South African dinosaur skeleton scans build up a picture from egg to adult

By Kimberley E.J. Chapelle - The Conversation
Article Massospondylus fossils help researchers develop a full picture of this dinosaur species. - Source: Dorling Kindersley ltd / Alamy Stock Photo/Not for re-use
Massospondylus fossils help researchers develop a full picture of this dinosaur species. - Source: Dorling Kindersley ltd / Alamy Stock Photo/Not for re-use

If you ask children what their favourite dinosaurs are, the answers will undoubtedly include T. rex, Triceratops and maybe Brachiosaurus. Those children answering the question in South Africa may be disappointed to discover that none of these dinosaur fossils are to be found in the country.

But South Africa has its own, equally important dinosaurs; the most common and well known of these is Massospondylus, which was first described by scientists back in 1854. This dinosaur was approximately 4-5m long from head to tail, walked on two legs, had a long neck, a small head and ate plants. It lived in the Early Jurassic time period – 200 million years ago – of southern Africa . It was also the ancestor of the colossal creatures so many children can name today: Massospondylus gave rise to giants like Diplodocus.

Massospondylus is a crucial dinosaur for palaeontologists. This is partly because Massospondylus is the most common dinosaur fossil found in southern Africa, and also because there are fossils of these animals ranging in age from embryos still in their eggs, to babies, to adolescents to adults. The oldest mature individual that has been studied reached about 25 years. The range of fossils available means that researchers can study their growth.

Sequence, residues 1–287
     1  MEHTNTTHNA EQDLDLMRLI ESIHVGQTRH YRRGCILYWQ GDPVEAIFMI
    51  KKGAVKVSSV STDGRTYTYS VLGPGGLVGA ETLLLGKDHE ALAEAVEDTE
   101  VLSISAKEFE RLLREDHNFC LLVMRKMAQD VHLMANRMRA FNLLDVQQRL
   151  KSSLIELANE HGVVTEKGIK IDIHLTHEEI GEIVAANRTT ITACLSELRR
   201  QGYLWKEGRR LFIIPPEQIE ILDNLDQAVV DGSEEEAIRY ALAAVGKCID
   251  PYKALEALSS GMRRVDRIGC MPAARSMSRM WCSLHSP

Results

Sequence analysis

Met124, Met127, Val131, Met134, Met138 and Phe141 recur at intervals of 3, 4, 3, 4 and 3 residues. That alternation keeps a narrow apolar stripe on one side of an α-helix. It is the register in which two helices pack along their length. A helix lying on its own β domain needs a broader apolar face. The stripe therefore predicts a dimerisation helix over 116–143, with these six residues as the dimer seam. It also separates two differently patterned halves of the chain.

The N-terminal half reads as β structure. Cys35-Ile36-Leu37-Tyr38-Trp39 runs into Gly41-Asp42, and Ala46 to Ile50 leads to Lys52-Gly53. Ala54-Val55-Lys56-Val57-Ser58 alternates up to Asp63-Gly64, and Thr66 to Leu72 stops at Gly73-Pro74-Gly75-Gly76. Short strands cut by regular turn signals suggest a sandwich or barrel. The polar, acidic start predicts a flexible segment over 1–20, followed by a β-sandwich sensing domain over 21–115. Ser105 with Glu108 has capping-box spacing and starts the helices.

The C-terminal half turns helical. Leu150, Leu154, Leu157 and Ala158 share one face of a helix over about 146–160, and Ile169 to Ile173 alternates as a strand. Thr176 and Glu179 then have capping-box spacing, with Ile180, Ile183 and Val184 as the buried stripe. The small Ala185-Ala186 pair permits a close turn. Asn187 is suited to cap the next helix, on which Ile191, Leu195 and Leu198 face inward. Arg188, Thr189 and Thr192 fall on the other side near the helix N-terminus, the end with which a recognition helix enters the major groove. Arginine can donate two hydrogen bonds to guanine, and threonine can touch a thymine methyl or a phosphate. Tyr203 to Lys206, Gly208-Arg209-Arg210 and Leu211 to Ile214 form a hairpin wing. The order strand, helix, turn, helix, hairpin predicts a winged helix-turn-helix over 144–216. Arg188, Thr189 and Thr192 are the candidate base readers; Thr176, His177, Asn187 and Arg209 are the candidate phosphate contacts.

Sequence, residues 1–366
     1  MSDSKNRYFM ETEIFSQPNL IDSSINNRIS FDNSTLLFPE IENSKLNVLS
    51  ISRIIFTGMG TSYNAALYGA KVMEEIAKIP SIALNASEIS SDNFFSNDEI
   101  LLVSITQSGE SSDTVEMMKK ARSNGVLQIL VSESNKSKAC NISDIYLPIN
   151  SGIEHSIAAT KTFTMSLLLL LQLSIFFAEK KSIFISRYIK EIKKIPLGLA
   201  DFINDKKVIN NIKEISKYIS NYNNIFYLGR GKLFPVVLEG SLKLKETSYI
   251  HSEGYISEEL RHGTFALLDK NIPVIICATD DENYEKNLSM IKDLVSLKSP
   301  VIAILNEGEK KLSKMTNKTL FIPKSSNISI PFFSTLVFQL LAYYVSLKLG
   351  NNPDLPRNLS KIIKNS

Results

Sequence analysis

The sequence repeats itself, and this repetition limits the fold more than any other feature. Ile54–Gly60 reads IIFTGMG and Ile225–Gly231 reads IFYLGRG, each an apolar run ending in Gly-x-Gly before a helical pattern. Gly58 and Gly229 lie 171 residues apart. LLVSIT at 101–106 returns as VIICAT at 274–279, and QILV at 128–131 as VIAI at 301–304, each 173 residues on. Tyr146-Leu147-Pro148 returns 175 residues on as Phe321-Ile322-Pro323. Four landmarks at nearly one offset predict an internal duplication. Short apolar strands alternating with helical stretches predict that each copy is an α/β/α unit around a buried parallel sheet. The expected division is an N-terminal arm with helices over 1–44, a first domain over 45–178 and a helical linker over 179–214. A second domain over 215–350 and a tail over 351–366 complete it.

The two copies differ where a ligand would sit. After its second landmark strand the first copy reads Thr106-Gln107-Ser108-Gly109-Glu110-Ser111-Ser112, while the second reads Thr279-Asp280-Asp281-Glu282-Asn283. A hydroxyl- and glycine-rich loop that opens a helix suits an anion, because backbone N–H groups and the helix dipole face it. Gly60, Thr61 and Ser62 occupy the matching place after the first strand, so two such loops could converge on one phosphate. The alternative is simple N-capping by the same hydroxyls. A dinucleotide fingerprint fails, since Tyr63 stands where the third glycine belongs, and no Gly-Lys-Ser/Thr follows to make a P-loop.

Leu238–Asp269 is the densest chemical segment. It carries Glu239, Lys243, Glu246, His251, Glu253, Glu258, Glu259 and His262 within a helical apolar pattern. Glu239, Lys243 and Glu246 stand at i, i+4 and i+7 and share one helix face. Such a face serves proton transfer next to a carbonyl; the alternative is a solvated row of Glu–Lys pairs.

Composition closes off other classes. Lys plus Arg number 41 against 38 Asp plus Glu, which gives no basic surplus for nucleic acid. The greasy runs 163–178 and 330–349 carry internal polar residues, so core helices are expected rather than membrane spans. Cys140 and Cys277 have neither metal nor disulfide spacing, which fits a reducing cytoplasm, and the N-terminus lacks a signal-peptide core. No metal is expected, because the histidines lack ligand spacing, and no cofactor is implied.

For the past eight years, I have been using an array of different methods – computerised tomography (CT) scans, statistics, studying the bones under a microscope – to answer questions about Massospondylus' development.

The more we learn about this species' growth and development, the better we're able to understand the diversity of animals and ecology 200 million years ago.

CT scans

Part of my work involves understanding how Massospondylus skeletons, especially their skulls, change as they grow up. This is important because if scientists don't know what a species' skull looked like at different ages, they might not be able to accurately ascertain what species existed in a particular place and time.

For instance, a palaeontologist might find two dinosaur skeletons, one big and one small, and assume these belonged to two different species. That would increase the diversity of the past ecology that's being reconstructed. However, if the small skeleton is a baby version of the larger one, this changes the picture.

The best way to look at skulls in detail is to scan them with computerised tomography. CT scans work with X-rays, except that instead of one image, they produce a stack of thousands of images. These can be used to digitally reconstruct the fossil bones in three dimensions and look at features that were inside the bones, invisible to the naked eye. Using these scans, I reconstructed a series of Massospondylus skulls, from babies to adults, and described the shape changes. This now allows us to easily identify fossils as being Massospondylus, or not.